extolled as more than man, the next is as much decried and guilty
of; great blunders. We have still a prospect of sudden action if the
enemy defend what they have got.
June 29. A fatiguing, march to retrieve our past mistake. Passed the
Dender. In all probability it will he retrieved, and the French will
quit what they have taken. It seems to he little else than a piece
of vanity and gasconade.
June 30. This is another great Ebenezer; of my life,, to be added to
Hochstet, Ramillies, &c. We fought; the French, and, by, the. great
mercy of- God,: beat Ahem. I was liberally supplied 'with courage,
resolution and a calm mind. All is the gift of God.
The losses and fatigues of Abe; Allies were compensated by the
decisive battle of Oudenard, to which the Diary, alludes. The town
from which this victory takes its name, stands on the Scheldt,,
thirteen miles south of Ghent.. Being the only pass on that river
which was left to the Allies, the French; had the vanity to suppose
they could reduce or take it by surprise, as they had done Ghent and
Bruges; and thus completely intercept a very important line of
communication. But these projects were defeated by the diligence and
extraordinary expedition of the Confederates^ who. came upon them on
the,30th so unexpectedly, that they hesitated much whether to retire
or venture an engagement. The Commanders-in-Chief, the Dukes of
Burgundy and Vendome, differed in their opinions. Both were inclined
to retreat; but. the ardour of the younger officers, who had more
fire than prudence, induced the former to declare for battle, and
the latter to submit with reluctance. This irresolution, which
continued until three in the afternoon, the Allies did not fail to
turn to their advantage.
The attack commenced with the cavalry, before most of the infantry
had time to form or reach the place. It was obstinately contested by
both sides; and about seven o’clock the action became general
throughout the whole line. The enemy finding themselves charged so
determinedly, fled in the. utmost confusion, having, lost above
14,000 men. The, slaughter would have been much greater, and few*
perhaps would have escaped, had not night put an end: to the
carnage, and prevented all’pursuit; the; darkness rendering it
impossible to distinguish friends from foes. The fugitives made a
scattered retreat to Ghent, which they reached early next morning,
The Confederates remained- on the spot all night under, arms,
ignorant as yet of the extent of their victory. Their loss was very
inconsiderable, scarcely exceeding in all 2000 men. The share Major
Blackader’s regiment had in this, victory, and his reflections on
the occasion, we shall continue in his own words.
June 30. The-battle began about five in the afternoon, and lasted
till night put a screen of darkness between us and them; and thereby
saved them,. in all. probability,, from as great a defeat as ever
they, got; The: battle, came by surprise, for we had no thought of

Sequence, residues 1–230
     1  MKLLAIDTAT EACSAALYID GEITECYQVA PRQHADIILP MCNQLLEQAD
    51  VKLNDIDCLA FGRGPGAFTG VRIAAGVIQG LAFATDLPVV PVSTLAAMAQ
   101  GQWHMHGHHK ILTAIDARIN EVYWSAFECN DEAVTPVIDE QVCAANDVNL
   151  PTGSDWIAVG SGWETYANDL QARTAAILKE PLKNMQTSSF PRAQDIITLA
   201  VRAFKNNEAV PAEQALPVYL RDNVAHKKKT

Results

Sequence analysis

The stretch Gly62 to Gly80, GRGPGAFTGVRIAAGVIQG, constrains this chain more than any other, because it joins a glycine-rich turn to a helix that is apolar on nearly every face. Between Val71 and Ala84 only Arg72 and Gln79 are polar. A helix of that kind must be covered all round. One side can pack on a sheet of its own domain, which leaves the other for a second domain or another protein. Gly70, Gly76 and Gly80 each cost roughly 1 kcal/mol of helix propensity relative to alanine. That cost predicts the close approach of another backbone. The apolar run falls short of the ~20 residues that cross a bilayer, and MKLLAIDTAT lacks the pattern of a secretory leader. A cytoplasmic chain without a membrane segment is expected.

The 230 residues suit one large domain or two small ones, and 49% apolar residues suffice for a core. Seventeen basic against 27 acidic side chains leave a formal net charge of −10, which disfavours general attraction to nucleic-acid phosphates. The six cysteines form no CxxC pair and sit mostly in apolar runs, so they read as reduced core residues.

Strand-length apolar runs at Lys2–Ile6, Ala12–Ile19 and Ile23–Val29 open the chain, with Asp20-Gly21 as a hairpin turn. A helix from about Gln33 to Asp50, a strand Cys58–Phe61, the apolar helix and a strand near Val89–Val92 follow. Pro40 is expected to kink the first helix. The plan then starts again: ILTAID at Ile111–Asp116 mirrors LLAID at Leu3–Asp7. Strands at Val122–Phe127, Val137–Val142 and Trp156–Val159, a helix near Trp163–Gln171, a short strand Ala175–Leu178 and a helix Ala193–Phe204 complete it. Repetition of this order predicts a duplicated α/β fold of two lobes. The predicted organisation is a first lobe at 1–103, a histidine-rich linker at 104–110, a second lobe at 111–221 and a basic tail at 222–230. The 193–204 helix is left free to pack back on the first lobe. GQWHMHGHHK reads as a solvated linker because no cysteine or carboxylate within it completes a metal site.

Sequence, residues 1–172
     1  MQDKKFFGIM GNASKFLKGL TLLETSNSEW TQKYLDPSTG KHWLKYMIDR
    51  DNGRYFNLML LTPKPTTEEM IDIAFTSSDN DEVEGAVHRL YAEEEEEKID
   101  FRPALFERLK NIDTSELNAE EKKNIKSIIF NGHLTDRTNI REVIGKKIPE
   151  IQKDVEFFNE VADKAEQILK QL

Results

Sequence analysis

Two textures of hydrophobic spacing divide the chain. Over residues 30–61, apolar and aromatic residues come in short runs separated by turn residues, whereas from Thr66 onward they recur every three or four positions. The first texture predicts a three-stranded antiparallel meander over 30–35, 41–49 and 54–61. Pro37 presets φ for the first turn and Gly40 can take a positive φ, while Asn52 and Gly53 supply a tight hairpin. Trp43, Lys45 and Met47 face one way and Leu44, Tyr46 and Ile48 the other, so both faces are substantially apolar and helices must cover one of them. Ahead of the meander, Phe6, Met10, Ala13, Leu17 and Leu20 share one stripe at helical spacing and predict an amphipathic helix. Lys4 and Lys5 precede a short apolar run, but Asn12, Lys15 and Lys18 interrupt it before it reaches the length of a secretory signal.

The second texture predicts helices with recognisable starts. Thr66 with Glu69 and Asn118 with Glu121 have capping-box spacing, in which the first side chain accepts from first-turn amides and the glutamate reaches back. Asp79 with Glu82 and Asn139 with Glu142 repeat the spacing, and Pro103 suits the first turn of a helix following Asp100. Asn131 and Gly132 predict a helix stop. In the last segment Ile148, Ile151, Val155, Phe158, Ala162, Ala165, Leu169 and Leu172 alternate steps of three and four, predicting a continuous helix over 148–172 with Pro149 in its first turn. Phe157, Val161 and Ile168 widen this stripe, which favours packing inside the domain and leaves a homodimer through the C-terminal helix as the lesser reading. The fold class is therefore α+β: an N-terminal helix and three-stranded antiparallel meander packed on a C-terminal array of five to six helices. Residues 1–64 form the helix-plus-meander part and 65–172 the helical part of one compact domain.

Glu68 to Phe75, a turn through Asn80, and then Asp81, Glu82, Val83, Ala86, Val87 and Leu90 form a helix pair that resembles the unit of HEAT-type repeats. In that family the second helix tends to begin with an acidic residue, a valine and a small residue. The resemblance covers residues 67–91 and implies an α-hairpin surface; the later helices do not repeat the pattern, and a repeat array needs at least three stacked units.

fighting through the day. My frame was more serene and spiritual
than ordinary. My thoughts were much upon the 103d Psalm, which I
sung (in my heart) frequently upon the march. Our regiment, properly
speaking, was not engaged in the attack; hut what was worse, we were
obliged to stand in cold blood, exposed to the enemy’s shot, by
which we had several killed and wounded, for there was heavy firing
for about two hours. Throughout the whole course of it I was
constantly engaged, sometimes in prayer, sometimes in praise,
sometimes for the public, sometimes for. myself. We lay all night
upon the field of battle, where the bed of honour was both hard and
cold; but we passed the night as well as the groans of dying men
would allow us; being thankful for our own preservation. I was
mercifully supplied with the comforts of life, and wanted nothing
good for me. We marched again by day-break, and formed our lines,
the enemy making still some appearance ; but it was only their
rear-guard, which was easily repulsed; so we returned to our camp. I
went again through the field of battle, getting a lecture on
mortality from the dead. I observe this of the French, that they are
the most easily heat and cowed of any people in the world, did we
but second Providence in pushing them when the opportunity is put in
our hand. Arise, O Lord, and let thine enemies be scattered. Let the
fruits of our victories be the advancement of Christ’s kingdom on
July 3. Marching to Tournay.
July 4. Marching towards Lisle. We are got within the enemy’s lines,
and they seem to have shut themselves up so, that their army runs
the risk of being lost if we act vigorously.
July 5. Employed in demolishing the French lines.
This was in accordance with the resolution taken immediately after
the battle, that the Duke of Marlborough’s army should pass the Lys,
and level the enemy’s lines between Ypres and Warueton, to intercept
the retreat of the French in that direction. Meantime the Dukes of
Burgundy and Vendome, being somewhat recovered from their late
consternation, sent a detachment of 10,000 men on a foraging
expedition into Dutch Flanders, to burn and plunder the country hy
way of reprisals.
July 6. I went in the afternoon to take a view of the French lines.
There are strange turns of Providence this campaign. The French are
got into our country, and we are in theirs. They are closed up by
the canal (between Bruges and Ghent,) so that by remaining there,
they run the risk of losing their army. But yet, so long as they
stay, we can get nothing done here. O Lord, guide and direct our
General, and thy presence be with us; then canals, ramparts, walls,
&c. shall be levelled like the walls of Jericho. Give us courage and
conduct, as thou has sent upon them a spirit of terror and panic
fear. Let this he the time, in thy wise and holy dispensations, for
unriddling that dark providence, the French tyrant. Waste him, as he
has wasted thy church; get glory upon him as thou didst upon